Thumb Sucking and Pacifiers: When is it Time to Break the Habit?  

A lot of parents ask us about thumb sucking and pacifier use in babies. Thumb sucking and finger sucking come naturally to all babies. Most parents will transition their little one to a pacifier at some point. If parents rely on pacifiers or let thumb sucking go on too long, it can increase the risk of orofacial problems. Here’s what some of the latest research says.

Benefits of Pacifier Use

Sucking behaviors in infants are a natural part of their development. Sucking on fingers, thumbs, or available objects like a pacifier mimics the act of feeding, so it’s very comforting to them. Many parents will tell you that the use of a pacifier is great because it often calms a baby down when they’re crying. Using a pacifier is an effective way to stop a baby from compulsive finger- or thumb-sucking. The American Academy of Pediatrics (AAP) recommends using a pacifier when putting babies down to sleep because it can reduce the risk of Sudden Infant Death Syndrome (SIDS). However, don’t try to force the pacifier on a baby if they are resistant to it.

Risks of Pacifier Use

There are some very specific risks associated with pacifier use. Some of those risks, especially as they pertain to dentistry, are increased if a child continues pacifier use past the age of 36 months.

One common problem with pacifier use is that it can lead to a middle ear infection. The AAP notes that reducing the use of a pacifier between the ages of 6 and 12 months can significantly reduce the risk of ear infections. A pacifier can be used again after a baby is past 12 months of age because the risk of ear infections goes down. However, many parents opt to simply stop using a pacifier altogether at that age.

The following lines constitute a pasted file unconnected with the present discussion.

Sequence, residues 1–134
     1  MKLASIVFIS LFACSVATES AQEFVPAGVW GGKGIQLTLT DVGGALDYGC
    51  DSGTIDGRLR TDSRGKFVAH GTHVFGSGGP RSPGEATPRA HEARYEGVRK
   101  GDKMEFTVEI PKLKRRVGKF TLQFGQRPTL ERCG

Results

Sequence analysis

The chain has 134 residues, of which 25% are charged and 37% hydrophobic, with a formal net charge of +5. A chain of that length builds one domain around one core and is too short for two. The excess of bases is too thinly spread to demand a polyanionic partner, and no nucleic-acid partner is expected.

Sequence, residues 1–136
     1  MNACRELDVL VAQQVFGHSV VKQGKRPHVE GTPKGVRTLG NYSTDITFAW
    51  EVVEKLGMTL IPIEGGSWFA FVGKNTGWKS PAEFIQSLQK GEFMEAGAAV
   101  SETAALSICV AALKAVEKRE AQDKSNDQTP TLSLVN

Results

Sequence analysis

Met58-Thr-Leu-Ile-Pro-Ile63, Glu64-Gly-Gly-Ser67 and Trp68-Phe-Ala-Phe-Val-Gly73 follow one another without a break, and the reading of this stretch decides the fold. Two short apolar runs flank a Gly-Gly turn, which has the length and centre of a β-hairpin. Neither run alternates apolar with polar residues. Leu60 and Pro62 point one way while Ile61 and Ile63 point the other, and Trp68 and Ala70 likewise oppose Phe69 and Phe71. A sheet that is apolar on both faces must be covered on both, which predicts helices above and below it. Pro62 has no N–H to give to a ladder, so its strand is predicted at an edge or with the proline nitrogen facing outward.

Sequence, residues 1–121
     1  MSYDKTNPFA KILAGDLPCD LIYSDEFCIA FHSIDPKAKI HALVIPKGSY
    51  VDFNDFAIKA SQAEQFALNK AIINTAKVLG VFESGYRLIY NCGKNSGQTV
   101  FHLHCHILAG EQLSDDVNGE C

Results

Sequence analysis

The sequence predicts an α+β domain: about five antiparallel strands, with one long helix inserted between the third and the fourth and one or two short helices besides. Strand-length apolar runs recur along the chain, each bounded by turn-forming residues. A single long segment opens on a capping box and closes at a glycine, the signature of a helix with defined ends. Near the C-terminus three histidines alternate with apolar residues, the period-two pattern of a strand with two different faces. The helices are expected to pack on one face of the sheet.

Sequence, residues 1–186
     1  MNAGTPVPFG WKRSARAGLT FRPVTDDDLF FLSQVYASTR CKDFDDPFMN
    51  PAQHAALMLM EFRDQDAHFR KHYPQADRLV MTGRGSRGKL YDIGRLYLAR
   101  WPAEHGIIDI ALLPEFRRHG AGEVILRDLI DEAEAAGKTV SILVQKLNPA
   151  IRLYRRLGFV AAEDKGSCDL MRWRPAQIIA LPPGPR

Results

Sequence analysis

It is strongly recommended that parents not use honey as an enticement to get a baby to use a pacifier. Honey contains spores from Clostridium botulinum, which can cause serious health complications in babies less than a year old. It’s also recommended that parents boil or disinfect a pacifier regularly. A pacifier is a breeding ground for germs that can lead to an oral yeast infection.

Finally, there are risks to your child’s orofacial development if a pacifier is used too long or too aggressively. Kids that use a pacifier beyond 12 months of age have been shown to have an increased risk of developing an anterior open bite. An anterior open bite will often resolve on its own, so long as pacifier use and thumb sucking have ended by age 3.

A more serious risk is the development of a crossbite from extensive pacifier use. This type of malocclusion will usually require orthodontic treatment such as a palatal expander and/or braces to correct it later in childhood. The best way to prevent the development of a crossbite is to greatly reduce or eliminate the use of a pacifier once a baby reaches 18 months of age, or around the time when their canine baby teeth start to erupt.

Most children will stop thumb-sucking and using a pacifier on their own between two and four years of age. However, ending the habit around 18 months of age is the best way to reduce most of the risk.

Ponte Vedra Pediatric Dentistry and Orthodontics

Have a question about teething, thumb sucking or pacifier use? Contact us today to schedule an appointment.